if {[lindex [split $resp] 0] == "224"} {

# loop through uncompressed results
#       while {[gets $sock resp] &gt; 0} {
#               if {$resp == "."} {
#                       puts stdout $resp
#                       break
#               }
#               puts stdout $resp
#       }

# loop through compressed results
        while {[gets $sock resp] &gt; 0} {
                if {[string index $resp end] == "."} {
                        append buf [string range $resp 0 end-1]
                        break
                }
                append buf $resp
        }
}

# uncompress those headers!
puts -nonewline stdout [zlib decompress $buf]

# issue a quit command
puts stderr "sending quit"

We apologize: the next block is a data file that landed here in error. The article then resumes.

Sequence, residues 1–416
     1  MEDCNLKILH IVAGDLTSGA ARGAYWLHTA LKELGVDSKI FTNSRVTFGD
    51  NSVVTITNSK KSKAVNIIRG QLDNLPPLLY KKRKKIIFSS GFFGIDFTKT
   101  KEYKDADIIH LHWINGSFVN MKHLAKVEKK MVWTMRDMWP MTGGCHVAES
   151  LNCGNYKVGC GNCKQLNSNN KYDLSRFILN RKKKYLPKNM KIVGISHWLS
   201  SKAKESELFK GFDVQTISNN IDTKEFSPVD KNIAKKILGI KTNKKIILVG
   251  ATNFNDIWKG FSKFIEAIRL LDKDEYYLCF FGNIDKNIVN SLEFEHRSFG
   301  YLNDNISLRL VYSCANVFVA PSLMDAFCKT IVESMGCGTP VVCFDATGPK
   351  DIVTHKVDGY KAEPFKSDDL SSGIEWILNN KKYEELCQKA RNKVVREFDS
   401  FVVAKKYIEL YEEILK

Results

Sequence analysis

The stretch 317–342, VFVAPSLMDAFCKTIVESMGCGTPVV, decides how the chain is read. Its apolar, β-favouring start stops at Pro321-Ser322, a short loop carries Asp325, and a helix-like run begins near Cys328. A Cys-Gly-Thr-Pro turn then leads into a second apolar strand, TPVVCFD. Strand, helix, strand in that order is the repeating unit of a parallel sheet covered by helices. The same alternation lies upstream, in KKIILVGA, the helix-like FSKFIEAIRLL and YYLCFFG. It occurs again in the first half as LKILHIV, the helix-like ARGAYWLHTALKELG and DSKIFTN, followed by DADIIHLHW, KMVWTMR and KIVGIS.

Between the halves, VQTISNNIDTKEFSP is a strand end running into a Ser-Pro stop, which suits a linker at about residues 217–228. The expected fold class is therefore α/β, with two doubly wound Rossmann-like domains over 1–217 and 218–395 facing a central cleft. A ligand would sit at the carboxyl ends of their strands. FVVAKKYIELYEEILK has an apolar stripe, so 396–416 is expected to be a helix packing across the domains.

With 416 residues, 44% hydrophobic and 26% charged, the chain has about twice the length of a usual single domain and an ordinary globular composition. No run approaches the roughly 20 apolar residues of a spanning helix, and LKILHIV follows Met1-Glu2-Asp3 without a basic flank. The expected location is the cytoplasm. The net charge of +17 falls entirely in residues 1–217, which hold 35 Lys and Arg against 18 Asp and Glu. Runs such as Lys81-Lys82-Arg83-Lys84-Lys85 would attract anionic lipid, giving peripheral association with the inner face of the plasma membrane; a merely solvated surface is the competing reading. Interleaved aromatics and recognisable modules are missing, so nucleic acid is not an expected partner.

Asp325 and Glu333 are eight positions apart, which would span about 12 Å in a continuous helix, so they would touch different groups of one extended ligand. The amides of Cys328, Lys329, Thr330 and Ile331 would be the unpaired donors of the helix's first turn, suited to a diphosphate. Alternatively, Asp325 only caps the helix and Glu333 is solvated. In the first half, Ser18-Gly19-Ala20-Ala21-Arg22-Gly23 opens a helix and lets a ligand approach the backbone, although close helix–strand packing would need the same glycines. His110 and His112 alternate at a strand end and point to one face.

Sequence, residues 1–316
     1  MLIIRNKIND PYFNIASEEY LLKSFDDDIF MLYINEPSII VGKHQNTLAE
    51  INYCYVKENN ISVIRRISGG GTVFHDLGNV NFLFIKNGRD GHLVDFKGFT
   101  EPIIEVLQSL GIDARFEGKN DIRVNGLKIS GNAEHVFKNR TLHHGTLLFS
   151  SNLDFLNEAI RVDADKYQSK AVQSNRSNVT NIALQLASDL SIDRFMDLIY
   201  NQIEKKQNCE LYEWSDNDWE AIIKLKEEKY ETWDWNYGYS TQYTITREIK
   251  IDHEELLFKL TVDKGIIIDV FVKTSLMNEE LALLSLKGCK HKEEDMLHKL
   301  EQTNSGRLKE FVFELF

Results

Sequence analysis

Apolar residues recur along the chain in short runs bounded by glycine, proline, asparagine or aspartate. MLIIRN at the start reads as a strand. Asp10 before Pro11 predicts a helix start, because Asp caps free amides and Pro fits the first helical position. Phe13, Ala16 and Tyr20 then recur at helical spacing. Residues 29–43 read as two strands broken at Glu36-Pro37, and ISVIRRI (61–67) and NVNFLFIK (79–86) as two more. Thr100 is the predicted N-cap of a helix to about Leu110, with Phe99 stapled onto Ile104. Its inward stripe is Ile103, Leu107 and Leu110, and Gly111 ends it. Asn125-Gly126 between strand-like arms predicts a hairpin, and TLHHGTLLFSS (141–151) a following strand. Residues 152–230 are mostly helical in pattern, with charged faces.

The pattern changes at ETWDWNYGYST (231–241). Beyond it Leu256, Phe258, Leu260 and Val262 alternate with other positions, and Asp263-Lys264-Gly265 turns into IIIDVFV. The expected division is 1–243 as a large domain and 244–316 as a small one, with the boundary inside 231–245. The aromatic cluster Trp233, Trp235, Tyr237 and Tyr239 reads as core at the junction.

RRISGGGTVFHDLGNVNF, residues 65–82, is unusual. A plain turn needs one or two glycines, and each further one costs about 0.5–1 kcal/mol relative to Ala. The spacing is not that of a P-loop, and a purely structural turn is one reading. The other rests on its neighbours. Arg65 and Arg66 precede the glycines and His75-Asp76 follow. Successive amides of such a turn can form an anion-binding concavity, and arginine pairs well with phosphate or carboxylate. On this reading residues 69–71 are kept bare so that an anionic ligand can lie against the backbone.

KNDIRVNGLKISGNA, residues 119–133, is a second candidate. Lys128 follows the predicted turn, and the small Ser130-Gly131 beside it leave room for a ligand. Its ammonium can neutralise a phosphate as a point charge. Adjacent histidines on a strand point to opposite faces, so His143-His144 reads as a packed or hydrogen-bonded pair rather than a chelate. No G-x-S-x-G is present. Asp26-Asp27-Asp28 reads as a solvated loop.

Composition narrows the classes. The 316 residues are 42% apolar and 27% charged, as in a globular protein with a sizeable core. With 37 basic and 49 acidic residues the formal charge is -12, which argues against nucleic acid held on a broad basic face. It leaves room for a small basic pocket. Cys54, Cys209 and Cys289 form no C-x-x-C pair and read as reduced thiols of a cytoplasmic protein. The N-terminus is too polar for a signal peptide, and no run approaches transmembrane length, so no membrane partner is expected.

puts $sock quit
puts -nonewline stderr [read $sock]

Feel free to take the results and run. I'm not sure if there is a limit to how many headers you can fetch in a single go. I imagine it's more or less limited to your local buffer size, so don't grab too many at a time (at least in TCL I imagine). Anything more aggressive would require some fine tuning no doubt. But this was all just proof of concept to see if I could make it work. Now to write my newzbin.com replacement!

fceux and multitap fun posted Sat, 16 Jan 2010 08:26:09 CST

I've been trying to get four player support in fceux working. I finally broke down sometime ago and wrote a couple of the programmers working on the project. It seems the SDL port of the game had missed a core change somewhere along the way to maintain working multitap support.

But after a quick look at the code apparently, one of the programmers got things back in working order, and now things like Gauntlet 2 and Super Off-road can be played in all their four player glory!

The mysterious option to use is fceux -fourscore 1 game.nes.